Viral Video Showing How Baby Seashells Are 'Born' Is Blowing People's Minds

A viral video claiming to show how baby seashells are "born" is blowing people's minds, as they admitted they had no idea how the intricate objects were created.

Beachgoer Abby Spelman shared a clip to her TikTok account, @abb.y.oga, as she walked along the shore in Cape Cod, Massachusetts.

Spelman captioned the clip, which has been viewed more than 15 million times and can be seen here: "How baby sea shells are born."

She films the sand, saying: "You might be wondering why this girl is manhandling seaweed on a New England beach in 30 degrees. Well I don't have a very good explanation other than I was taking a walk and realized not many people know how seashells are born, and I just had to share.

"So inside each one of these little pouches is a whole cluster of baby seashells just like these, super tiny, ready to hatch."

Spelman told Newsweek: "I was out for a walk and to do my little ocean meditation and look at the waves the day I found the shell babies. The beach was totally empty so I spent more time there than usual.

"I was playing with some little hermit crabs too when I found the shell sac. I'm not sure if I'd say I was excited to find it since they are so common here but it was nice to be present in nature and just explore everything to be found at the beach.

"After making the video, I left the egg sac and little mollusks by a tide pool of periwinkles and hermit crabs. These little guys were still growing and using the shells and live snails are not something I would want to take home.

Woman reveals how seashells are "born."
Woman reveals how seashells are "born." Spelman picked up what's believed to be an egg sac from a whelk. @abb.y.oga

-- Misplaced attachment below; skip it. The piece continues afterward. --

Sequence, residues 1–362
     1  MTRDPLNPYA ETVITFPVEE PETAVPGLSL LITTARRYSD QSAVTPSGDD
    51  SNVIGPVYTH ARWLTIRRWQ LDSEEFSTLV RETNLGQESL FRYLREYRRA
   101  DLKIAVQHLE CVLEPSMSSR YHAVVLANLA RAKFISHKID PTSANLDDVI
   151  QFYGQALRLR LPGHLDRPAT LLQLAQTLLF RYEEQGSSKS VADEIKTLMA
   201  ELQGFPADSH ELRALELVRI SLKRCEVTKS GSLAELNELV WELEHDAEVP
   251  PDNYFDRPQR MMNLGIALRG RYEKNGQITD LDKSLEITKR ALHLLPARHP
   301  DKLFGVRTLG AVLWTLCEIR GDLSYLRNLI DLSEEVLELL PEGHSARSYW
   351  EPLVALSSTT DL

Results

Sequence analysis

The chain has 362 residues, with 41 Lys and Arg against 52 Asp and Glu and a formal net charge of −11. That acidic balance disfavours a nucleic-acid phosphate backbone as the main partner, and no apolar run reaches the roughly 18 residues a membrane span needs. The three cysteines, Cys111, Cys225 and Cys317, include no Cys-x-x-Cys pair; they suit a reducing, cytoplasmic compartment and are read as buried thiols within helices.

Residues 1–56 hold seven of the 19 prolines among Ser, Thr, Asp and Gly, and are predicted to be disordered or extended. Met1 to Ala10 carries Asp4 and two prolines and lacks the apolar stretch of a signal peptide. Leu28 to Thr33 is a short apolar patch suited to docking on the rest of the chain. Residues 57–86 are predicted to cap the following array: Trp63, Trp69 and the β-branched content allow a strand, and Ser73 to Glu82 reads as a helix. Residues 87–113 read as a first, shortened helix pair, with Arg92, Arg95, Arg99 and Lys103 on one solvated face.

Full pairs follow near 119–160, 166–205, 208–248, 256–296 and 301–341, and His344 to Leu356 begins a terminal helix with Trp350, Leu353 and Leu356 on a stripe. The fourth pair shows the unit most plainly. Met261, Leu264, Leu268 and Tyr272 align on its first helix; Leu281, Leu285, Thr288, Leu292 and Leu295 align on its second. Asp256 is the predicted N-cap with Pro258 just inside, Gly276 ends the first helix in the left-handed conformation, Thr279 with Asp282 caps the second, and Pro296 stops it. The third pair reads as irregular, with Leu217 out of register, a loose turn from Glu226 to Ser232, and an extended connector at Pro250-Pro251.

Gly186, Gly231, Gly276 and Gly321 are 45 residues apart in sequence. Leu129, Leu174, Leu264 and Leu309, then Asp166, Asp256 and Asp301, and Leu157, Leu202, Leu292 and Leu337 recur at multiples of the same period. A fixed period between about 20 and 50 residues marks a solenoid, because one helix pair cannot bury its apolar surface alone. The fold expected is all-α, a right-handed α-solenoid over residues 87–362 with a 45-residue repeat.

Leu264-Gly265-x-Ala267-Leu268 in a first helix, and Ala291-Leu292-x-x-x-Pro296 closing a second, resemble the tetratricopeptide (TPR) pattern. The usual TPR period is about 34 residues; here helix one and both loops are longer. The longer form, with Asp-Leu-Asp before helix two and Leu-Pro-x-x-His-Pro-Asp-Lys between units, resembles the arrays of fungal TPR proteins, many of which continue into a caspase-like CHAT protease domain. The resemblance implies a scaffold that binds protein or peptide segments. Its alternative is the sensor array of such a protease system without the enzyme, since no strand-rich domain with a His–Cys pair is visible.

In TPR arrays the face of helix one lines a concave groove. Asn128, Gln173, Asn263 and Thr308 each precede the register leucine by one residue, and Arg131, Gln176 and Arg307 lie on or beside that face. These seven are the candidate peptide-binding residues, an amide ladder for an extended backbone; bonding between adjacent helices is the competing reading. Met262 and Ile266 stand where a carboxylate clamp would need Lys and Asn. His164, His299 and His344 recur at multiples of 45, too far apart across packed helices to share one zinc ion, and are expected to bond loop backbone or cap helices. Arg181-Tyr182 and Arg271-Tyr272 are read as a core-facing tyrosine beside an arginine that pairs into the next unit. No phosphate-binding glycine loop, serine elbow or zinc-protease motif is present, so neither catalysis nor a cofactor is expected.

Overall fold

"When I was little, I totally would take home any treasures and critters I found but it always smelled like low tide so I would have to leave the bucket outside. Some animal would inevitably snatch up my new pet and I'd cry so taking live things home from the beach ended back in elementary school."

The video, shared in January, was met with shock online, as numerous people admitted they weren't aware how shells were created.

Nay wrote: "This is definitely a prank."

Camilla asked: "Wait. They're born? They're alive? I thought they were like rocks formed by the repeating current or something. And that animals moved into them."

Loogy nada admitted: "I thought shells just spawn there and sea animals just live in them."

Kloee Tomkinson said: "I'm confused to if this is real or not."

While Julie Minner Viegas commented: "I thought they would just.... Spawn."

However, what Spelman is holding isn't thought to be seaweed, rather an egg sac from a a sea snail. The tiny creature inside the shell creates it, and it grows larger over time along with the whelk, a type of edible sea snail, as it continually adds to its exoskeleton.

Spelman later told Newsweek: "I am very much aware of how shells are inanimate, believe me.

"Even if you don't know about baby shells or where they come from, I bet if you spent some time in nature, you'd start to notice how intricate the world is."

Simon Taylor, a marine recorder from The Conchological Society of GB & Ireland, explained to Newsweek he believed the species in the clip is Busycon carica, commonly referred to as the knobbed whelk.

Taylor told Newsweek: "What is shown in the short video is an egg mass which has evidently been washed up on a beach. It looks like those produced by large whelks in the seas around the eastern seaboard of the United States.

"Marine snails breed in a variety of ways: some spawn (simply releasing sperm and eggs simultaneously into the water), some lay eggs and some even give birth to live young. Among the egg layers some hatch to release planktonic larvae whereas in others, such as those in the video, tiny versions of the adult emerge.

"These will feed and grow, the shell growing along with the animal until they reach adult size; in these whelks that can be well over six inches. As the animal grows it secretes new shell material, from an organ known as the mantle, at the edge of the shell aperture, forming the characteristic spiral exoskeleton."

Both the knobbed and channeled whelk are commonly found in Massachusetts' water, the Commonwealth of Massachusetts' website, Mass.gov, explained.

"Whelks are considered to be species of shellfish and are managed by the Division of Marine Fisheries and the Marine Fisheries Advisory Commission," the website said.

Woman reveals how seashells are "born."
Woman reveals how seashells are "born." A beachgoer shared a clip to TikTok which has been seen more than 15 million times. @abb.y.oga

Update 3/01/22, 3:58 a.m. ET: This article was updated with photos from Spelman.

Update 3/04/22, 11:20 a.m. ET: This article was updated with comment from Spelman.